2D scanners pave the way for faster, more accurate information capture

The benefits that 2D barcode scanners offer make companies the obvious choice for organizations looking at how they can improve their operational visibility to increase productivity, efficiency, and customer satisfaction.
Imagine a world in which there are no barcodes, and the inconveniences that would ensue.
There would be long lines at the supermarket because the cashier has to manually input each item on the Point of Sale terminal; there would not be e-tickets to movies, games, or concerts; in a business environment, warehouse and retail staff would have to spend hours on end working to track the inbound and outbound products moving around without the small sticker of stripes – leaving customers waiting and frustrated.
Workflows can be speeded up while maintaining accuracy, as data entry is done quickly and effortlessly by scanning –and not manually typed. By virtue of that, they can reduce costly mistakes that may be introduced by human input. Human errors at times can even prove to be fatal, such as erroneous drug prescriptions or patient misidentification in the healthcare industry. 
Barcodes are also recognized for their versatility as they can be used for a wide variety of data collection, including prices, inventory control, manufacturing information, etc., and can be attached to any surface.
The anatomy of a barcode
A small barcode contains an astonishing amount of information, including product type (first number), manufacturer code (next five numbers), product code (next five numbers), and a check digit (last number), followed by a 'quiet zone' at the end of the number series that lets the computer know that the barcode has ended. All these numbers form a unique combination that works to make sure that a customer doesn't get charged for the wrong item at the till. 
For decades, barcodes have been doing an extraordinary job by featuring multiple lines of information in a limited square space. As enterprises demand more information to gain increased operational visibility, the need for a new type of barcode was needed - one that could store an even greater amount of information. 
The solution to this challenge is the two-dimensional (2D) barcode –an evolution of the traditional 1D barcode. 
Using crisscrossed marks and white spaces, 2D barcodes are able to encode more information - sometimes tens or hundreds of times more in the same amount of space. As electronic components are getting smaller, the need for smaller barcodes that store the same or more information per square millimeter is rapidly increasing. If you have ever seen the inside of your smartphone, you might have noticed barcodes – no bigger than a quarter of your smallest finger nail – imprinted on parts like the camera or haptic engine.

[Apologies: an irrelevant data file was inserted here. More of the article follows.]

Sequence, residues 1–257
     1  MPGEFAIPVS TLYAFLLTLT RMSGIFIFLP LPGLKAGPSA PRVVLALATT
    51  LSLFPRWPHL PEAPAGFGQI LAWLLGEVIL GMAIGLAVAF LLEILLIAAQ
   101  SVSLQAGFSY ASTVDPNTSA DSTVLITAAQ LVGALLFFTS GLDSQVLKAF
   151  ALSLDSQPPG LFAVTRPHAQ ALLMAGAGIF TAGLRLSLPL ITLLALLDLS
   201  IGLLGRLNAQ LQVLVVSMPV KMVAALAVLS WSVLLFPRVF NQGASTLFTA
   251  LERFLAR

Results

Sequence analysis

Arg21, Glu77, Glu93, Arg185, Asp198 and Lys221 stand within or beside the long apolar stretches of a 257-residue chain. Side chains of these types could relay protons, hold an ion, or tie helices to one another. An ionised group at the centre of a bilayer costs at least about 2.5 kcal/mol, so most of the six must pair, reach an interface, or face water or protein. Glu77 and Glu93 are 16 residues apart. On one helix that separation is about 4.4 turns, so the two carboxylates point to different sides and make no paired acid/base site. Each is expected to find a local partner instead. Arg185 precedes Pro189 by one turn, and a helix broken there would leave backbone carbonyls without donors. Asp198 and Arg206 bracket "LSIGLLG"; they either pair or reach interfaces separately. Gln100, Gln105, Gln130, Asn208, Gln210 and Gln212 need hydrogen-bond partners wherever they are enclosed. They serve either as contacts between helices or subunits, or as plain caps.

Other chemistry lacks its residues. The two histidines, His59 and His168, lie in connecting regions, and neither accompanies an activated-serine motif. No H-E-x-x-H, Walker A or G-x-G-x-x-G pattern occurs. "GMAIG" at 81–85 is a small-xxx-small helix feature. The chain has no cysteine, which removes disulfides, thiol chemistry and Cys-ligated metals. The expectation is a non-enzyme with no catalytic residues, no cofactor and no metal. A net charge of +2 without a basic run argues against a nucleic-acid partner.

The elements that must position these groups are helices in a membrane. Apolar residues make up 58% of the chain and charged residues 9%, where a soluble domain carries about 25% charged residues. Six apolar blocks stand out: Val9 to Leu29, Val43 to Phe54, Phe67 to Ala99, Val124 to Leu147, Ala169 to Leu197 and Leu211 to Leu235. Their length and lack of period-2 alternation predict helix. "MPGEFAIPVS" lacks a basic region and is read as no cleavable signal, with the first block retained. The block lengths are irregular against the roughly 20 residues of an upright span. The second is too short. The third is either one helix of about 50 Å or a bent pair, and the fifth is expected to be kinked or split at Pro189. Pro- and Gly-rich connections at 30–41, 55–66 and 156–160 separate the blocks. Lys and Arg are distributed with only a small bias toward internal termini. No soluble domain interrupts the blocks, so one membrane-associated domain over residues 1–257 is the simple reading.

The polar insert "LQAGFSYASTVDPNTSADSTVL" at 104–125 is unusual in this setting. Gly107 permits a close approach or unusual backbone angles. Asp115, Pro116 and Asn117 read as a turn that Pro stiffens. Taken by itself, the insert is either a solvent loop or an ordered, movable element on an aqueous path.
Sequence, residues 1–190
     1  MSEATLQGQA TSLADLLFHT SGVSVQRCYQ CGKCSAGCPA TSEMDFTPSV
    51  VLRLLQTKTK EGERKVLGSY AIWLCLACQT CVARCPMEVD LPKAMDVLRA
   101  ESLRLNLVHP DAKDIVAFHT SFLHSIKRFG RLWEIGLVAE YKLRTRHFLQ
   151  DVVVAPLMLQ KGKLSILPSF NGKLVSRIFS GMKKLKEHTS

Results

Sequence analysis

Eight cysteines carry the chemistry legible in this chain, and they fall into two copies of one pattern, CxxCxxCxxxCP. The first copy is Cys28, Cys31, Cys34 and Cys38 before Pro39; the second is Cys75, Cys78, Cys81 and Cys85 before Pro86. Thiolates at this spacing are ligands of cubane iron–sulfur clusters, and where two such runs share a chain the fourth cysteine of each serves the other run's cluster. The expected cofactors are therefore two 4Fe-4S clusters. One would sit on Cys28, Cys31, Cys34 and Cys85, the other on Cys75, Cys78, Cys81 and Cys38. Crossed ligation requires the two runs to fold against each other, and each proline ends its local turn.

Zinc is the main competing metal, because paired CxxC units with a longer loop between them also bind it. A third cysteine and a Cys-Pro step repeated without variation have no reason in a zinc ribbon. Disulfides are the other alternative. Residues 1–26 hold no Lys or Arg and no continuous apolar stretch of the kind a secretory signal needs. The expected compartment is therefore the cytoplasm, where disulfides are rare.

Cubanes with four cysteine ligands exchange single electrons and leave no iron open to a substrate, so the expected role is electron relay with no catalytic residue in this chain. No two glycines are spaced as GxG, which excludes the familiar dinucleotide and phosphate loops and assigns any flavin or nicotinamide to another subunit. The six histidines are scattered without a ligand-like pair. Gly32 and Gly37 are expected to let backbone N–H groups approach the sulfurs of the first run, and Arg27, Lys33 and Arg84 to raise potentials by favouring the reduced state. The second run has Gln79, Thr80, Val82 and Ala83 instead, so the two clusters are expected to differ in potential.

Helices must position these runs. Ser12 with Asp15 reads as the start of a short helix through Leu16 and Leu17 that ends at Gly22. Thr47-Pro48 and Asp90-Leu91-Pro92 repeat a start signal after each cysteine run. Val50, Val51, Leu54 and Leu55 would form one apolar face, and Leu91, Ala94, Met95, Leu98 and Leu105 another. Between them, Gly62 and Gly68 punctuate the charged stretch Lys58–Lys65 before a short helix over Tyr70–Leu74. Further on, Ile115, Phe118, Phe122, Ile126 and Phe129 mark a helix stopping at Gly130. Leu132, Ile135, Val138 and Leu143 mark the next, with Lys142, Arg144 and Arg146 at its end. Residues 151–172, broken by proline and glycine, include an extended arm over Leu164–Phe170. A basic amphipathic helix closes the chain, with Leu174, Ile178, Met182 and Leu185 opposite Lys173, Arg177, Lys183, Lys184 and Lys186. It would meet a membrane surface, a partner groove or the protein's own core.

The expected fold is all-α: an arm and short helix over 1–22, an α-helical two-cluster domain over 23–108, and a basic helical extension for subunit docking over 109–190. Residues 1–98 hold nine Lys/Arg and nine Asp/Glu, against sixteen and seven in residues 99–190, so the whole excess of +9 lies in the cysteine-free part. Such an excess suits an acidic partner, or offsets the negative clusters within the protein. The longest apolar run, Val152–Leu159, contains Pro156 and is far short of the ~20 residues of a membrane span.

With the ability to store a greater amount of information without taking up more space, it is no surprise that we are seeing a steady shift toward using 2D barcodes across all industries. As a result, the 2D barcode industry is expanding, and is projected to increase at a Compound Annual Growth Rate (CAGR) of over 6 percent during the 2016-2020 periods. Part of the 2D family – Quick Response (QR) codes, Data Matrix barcodes, and Zebra's PDF417 barcodes, are also increasingly being used, each for their unique characteristics.
The encyclopedic benefits of 2D scanners 
However, barcodes alone are only half of the solution; the information has to be collected and interpreted. The older 1D barcode is made of black and white bars, designed to be picked up by a laser scanner based on the amount of light reflected into the scanner, and subsequently read by a computer that only recognizes binary language. 
With the advent of 2D barcodes came a new generation of scanners, as the good old 1D laser scanners are unable to read the newer, denser barcodes. The leap to 2D has enabled scanners to get more and do more. 
Anyone who has used a 1D barcode scanner – say, at a self-service checkout at the supermarket – will know how “fussy” they can be. A slight smudge, cling wrapped barcodes, or being scanned at an angle – these are things that would throw an error on the scanner. Imagine the amount of time lost when a warehouse worker has to struggle with these issues hundreds of times a day.